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Not just Romney: Many in Middle East are losing faith in a two-state solution, too

But Palestinian reasons differ dramatically from US presidential nominee Mitt Romney's secretly videotaped comments.

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Many Israelis and their leaders see the settlements as providing a security buffer for Israel and as fulfilling biblical claims to the land.

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But Palestinians argue that the spread of settlements, and the roads connecting them, are whittling away at the land that could feasibly become a Palestinian state – already divided between the landlocked West Bank and the coastal Gaza Strip.

“If you look at the West Bank now, it’s like Swiss cheese,” says Hamas official Ghazi Hamad, who is deputy foreign minister in Gaza. “I don’t know what is left for negotiation.”

Now Palestinians and Israel’s 20 percent Arab minority are becoming increasingly vocal about giving up the two-state solution in favor of a “one-state solution” – in which higher Arab birth rates and the absorption of Palestinians would tip the demographic scale in their favor.

But Mr. Abdul-Karim says that is a bad idea.

“The situation is either a two-state solution or an apartheid state that controls all the lands of historical Palestine and in this case there will be … a more ferocious conflict that may go on for more decades and that this is not a solution in actual fact,” he says. “This is a recipe for prolonged and protracted war.”

US wearing Israeli glasses?

So who is to blame for the stalemate that has prevailed since autumn 2010? Israel’s government has repeatedly invited the Palestinians to come to the peace table with no pre-conditions, but Palestinian Authority President Mahmoud Abbas has insisted on an Israeli freeze on settlement building before returning to talks.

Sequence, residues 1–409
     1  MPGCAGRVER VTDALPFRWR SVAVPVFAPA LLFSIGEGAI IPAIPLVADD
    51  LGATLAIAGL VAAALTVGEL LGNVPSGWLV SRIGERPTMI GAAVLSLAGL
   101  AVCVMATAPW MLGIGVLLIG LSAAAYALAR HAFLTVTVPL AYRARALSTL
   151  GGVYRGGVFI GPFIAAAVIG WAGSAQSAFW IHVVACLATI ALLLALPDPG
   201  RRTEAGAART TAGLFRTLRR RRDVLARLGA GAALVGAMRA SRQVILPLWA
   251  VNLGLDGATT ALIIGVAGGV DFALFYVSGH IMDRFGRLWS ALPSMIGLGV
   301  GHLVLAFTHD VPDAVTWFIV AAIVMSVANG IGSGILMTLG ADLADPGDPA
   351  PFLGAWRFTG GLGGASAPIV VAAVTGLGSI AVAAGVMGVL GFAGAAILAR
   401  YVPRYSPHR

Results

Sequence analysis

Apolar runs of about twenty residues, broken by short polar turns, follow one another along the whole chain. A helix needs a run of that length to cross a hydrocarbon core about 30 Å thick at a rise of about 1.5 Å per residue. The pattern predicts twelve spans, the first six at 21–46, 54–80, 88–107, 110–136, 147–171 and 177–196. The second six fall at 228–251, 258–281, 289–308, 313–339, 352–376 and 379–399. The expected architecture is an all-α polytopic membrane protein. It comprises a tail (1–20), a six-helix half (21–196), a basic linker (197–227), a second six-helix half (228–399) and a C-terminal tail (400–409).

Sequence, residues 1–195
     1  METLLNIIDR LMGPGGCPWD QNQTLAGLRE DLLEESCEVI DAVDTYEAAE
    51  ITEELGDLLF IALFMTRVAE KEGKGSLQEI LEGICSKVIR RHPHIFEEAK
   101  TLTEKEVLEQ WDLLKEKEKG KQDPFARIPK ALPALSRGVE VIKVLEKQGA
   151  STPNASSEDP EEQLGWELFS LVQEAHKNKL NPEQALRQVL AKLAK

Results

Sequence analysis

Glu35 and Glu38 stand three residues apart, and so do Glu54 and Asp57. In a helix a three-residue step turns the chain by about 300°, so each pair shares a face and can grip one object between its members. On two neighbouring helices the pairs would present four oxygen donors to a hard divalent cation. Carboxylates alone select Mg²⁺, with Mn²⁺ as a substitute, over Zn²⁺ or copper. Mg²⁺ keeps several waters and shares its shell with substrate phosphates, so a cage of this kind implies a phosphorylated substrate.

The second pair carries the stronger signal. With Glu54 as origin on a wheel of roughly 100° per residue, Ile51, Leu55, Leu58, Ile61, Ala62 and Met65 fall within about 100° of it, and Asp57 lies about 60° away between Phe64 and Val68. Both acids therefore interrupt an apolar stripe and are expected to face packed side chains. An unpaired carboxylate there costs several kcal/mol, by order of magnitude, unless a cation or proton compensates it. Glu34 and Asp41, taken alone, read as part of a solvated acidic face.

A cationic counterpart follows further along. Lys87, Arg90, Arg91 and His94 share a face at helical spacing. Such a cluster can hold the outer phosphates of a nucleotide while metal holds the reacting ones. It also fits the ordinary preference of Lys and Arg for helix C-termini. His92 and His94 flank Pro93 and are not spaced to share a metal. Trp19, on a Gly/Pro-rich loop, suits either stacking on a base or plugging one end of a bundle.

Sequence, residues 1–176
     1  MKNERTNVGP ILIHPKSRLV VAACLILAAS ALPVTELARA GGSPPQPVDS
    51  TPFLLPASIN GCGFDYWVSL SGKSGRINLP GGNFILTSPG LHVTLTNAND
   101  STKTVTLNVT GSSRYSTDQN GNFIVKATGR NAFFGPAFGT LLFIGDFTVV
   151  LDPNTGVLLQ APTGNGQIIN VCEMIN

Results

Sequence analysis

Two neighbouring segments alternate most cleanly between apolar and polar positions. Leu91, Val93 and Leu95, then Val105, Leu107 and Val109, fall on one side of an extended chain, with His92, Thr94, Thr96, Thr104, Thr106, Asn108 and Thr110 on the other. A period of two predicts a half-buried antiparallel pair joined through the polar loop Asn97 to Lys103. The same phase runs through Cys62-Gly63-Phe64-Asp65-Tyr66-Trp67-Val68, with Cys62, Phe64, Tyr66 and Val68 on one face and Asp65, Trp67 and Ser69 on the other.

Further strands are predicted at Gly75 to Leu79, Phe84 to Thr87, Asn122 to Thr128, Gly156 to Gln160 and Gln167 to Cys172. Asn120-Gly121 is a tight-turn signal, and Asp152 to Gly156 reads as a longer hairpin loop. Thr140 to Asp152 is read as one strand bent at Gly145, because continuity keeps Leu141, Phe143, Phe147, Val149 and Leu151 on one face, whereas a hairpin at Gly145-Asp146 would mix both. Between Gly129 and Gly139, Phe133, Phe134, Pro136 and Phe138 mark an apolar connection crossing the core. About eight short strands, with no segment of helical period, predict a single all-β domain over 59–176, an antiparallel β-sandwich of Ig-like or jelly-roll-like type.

But Israel, which enforced a 10-month settlement freeze in 2010, has refused another freeze.

Mr. Hamad and Abdul-Karim both say the Palestinians have showed a lot of concessions, by retreating from their original demand for a Greater Palestine to a state on about 22 percent of that land.

Now, says Hamad, it’s up to Israel.

“The solution is in the hand of Israel – settlements, borders, refugees, Jerusalem – everything is in the hand of Israel.”

But he says the winds of change in the Arab world can benefit Palestinians, who are already enjoying more support from Egypt. It’s a trend the US would do well to heed, instead of seeing everything through the prism of Israeli security, he says.

“I think we have to put forth a new strategy and US should understand that time has changed,” says Hamad. “They should take off the glasses of Israel from their eyes.”

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